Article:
The successive approximation of truth.
I don’t make a lot of claims to wisdom from my early years. One of the useful, if painful, advantages of keeping journals is that it shows you exactly how dumb you were when you were younger. I did get a lot of things right, I note happily. I got on the side of LGBT rights when gay acceptance, let alone gay marriage, was a controversial idea.
But this wasn’t because I had any particular wisdom or grace. It was because I was a child of the Internet generation, and I could pretty trivially do the research, read people’s writings, and come to the conclusion “Gee, it sounds like gay people are pretty much identical to straight people except for sexually attraction.”
I was dumb, yes. But I was aware, at least theoretically, of by own dumbness. I knew even as a teenager that to pretend to know everything would, eventually, stop me from actually knowing anything. And so, at every stage of my life, I formed my beliefs while considering the possibility that some of the base assumptions were incomplete or misleading. (Not wrong, because you can’t really do much if you try to hold contradictory assumptions in your head, but you can be always alert for alternate hypotheses that might explain what you’re seeing better.)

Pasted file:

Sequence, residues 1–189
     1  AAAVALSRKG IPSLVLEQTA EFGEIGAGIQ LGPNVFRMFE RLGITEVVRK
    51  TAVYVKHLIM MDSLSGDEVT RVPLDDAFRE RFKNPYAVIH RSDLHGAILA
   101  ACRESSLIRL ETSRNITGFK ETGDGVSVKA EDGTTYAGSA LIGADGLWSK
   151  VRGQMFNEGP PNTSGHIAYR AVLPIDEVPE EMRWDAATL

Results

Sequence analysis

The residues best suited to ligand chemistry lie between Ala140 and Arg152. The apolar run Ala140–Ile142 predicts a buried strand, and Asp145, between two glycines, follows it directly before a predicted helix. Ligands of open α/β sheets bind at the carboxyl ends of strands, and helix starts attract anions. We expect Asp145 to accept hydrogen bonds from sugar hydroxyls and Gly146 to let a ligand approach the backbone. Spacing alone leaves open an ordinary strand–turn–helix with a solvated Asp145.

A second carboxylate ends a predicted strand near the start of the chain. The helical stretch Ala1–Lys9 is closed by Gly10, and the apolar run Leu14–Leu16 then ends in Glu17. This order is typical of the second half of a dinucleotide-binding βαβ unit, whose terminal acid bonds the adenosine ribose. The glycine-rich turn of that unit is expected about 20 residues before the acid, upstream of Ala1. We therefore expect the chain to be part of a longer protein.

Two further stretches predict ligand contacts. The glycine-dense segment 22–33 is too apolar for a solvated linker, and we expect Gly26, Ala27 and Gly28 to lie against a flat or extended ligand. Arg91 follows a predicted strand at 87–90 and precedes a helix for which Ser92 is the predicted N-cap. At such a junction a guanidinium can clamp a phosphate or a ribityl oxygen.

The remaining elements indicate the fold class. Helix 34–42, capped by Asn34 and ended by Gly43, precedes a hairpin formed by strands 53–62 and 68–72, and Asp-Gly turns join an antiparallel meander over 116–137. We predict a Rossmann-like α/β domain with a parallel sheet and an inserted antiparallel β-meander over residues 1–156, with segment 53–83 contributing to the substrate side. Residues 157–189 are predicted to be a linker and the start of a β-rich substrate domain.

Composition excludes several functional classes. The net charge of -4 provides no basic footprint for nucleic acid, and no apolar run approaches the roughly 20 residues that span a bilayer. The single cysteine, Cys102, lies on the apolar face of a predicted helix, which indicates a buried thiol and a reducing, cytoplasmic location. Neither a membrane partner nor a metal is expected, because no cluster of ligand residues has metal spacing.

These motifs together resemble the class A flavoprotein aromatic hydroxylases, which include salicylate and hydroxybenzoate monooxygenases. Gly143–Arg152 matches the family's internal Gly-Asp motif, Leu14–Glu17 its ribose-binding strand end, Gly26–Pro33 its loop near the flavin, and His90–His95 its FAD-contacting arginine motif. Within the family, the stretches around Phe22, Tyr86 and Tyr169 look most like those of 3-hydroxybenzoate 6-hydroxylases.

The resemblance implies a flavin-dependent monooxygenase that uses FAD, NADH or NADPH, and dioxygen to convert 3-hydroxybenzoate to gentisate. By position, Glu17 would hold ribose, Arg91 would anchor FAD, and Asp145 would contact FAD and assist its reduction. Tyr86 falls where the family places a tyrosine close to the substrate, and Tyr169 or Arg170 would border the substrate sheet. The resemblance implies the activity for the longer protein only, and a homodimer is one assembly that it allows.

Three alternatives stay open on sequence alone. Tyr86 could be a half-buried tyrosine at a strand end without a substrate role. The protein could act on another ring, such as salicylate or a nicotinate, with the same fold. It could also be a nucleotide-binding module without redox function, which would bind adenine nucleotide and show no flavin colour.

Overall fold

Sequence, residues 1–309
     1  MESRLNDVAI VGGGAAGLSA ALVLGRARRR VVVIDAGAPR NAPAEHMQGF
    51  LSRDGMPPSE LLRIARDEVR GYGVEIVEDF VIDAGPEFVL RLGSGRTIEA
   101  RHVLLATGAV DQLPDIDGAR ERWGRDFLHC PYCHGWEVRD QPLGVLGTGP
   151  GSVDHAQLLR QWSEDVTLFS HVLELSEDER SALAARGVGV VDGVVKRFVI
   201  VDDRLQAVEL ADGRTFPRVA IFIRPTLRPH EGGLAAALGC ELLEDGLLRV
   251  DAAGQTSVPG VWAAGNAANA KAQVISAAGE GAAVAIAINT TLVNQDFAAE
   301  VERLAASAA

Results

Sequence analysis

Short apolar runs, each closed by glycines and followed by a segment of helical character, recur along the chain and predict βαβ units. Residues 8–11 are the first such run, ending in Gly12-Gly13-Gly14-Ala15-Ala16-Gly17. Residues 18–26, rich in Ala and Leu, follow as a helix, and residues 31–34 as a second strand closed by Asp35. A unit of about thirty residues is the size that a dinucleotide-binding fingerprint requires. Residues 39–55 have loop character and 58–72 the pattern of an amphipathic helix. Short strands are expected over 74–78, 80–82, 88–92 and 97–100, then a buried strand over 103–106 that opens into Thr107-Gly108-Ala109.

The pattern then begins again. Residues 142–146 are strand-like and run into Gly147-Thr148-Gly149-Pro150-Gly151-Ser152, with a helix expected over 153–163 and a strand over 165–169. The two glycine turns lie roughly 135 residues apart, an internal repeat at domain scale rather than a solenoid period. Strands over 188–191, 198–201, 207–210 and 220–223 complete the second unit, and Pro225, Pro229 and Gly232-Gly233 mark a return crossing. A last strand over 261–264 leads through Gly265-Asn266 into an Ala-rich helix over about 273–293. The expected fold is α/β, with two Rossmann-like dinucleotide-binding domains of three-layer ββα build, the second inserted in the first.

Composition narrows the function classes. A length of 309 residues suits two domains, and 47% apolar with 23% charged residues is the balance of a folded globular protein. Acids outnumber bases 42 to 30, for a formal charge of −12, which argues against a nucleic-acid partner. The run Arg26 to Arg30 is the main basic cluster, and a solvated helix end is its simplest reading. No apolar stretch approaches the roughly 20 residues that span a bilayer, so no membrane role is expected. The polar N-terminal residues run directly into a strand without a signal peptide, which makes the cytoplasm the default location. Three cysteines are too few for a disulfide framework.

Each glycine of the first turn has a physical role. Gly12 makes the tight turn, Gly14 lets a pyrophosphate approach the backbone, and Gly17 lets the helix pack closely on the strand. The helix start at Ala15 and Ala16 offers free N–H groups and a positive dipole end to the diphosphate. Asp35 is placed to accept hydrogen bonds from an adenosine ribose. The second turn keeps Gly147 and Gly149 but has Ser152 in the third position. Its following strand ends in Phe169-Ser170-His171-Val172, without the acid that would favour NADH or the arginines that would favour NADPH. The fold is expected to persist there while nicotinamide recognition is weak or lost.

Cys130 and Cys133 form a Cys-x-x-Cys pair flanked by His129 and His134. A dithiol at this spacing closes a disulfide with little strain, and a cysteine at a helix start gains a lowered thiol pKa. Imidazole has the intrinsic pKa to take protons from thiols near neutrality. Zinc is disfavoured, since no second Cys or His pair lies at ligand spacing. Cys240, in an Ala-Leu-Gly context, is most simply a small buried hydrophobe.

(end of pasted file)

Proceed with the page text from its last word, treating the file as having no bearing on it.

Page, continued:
It apparently helped. I’ve changed my mind on a few core positions and important issues in the intervening years, but I feel like I’ve always been getting closer to truth. I haven’t had to disregard large swathes of evidence or experience that persuaded me of things earlier in life, I’ve just had other experiences that have granted me a broader perspective and let me contextualize those experiences differently. I feel like I’ve got a good handle on Stuff these days. But I know that I can only keep this handle as long as I don’t rely on it, and keep looking at both the world, and my assumptions about it.